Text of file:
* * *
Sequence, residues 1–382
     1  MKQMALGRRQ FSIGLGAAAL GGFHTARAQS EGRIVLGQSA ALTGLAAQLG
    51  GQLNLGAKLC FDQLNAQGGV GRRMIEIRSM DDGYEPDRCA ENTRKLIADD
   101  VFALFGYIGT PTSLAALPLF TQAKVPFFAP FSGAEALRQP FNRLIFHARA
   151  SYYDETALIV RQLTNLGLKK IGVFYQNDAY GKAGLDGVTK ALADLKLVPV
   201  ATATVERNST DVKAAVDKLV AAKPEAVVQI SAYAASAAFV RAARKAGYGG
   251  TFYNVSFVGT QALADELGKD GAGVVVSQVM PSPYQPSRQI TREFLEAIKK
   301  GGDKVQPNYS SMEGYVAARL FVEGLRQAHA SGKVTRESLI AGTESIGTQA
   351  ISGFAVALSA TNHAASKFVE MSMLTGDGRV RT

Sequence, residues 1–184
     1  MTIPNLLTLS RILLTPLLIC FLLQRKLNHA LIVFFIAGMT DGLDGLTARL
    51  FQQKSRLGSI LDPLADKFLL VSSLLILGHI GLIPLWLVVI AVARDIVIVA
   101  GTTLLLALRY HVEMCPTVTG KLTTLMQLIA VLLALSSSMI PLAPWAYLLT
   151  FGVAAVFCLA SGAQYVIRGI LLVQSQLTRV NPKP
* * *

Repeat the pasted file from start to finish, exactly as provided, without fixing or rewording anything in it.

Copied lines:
Sequence, residues 1–382
     1  MKQMALGRRQ FSIGLGAAAL GGFHTARAQS EGRIVLGQSA ALTGLAAQLG
    51  GQLNLGAKLC FDQLNAQGGV GRRMIEIRSM DDGYEPDRCA ENTRKLIADD
   101  VFALFGYIGT PTSLAALPLF TQAKVPFFAP FSGAEALRQP FNRLIFHARA
   151  SYYDETALIV RQLTNLGLKK IGVFYQNDAY GKAGLDGVTK ALADLKLVPV
   201  ATATVERNST DVKAAVDKLV AAKPEAVVQI SAYAASAAFV RAARKAGYGG
   251  TFYNVSFVGT QALADELGKD GAGVVVSQVM PSPYQPSRQI TREFLEAIKK
   301  GGDKVQPNYS SMEGYVAARL FVEGLRQAHA SGKVTRESLI AGTESIGTQA
   351  ISGFAVALSA TNHAASKFVE MSMLTGDGRV RT

Sequence, residues 1–184
     1  MTIPNLLTLS RILLTPLLIC FLLQRKLNHA LIVFFIAGMT DGLDGLTARL
    51  FQQKSRLGSI LDPLADKFLL VSSLLILGHI GLIPLWLVVI AVARDIVIVA
   101  GTTLLLALRY HVEMCPTVTG KLTTLMQLIA VLLALSSSMI PLAPWAYLLT
   151  FGVAAVFCLA SGAQYVIRGI LLVQSQLTRV NPKP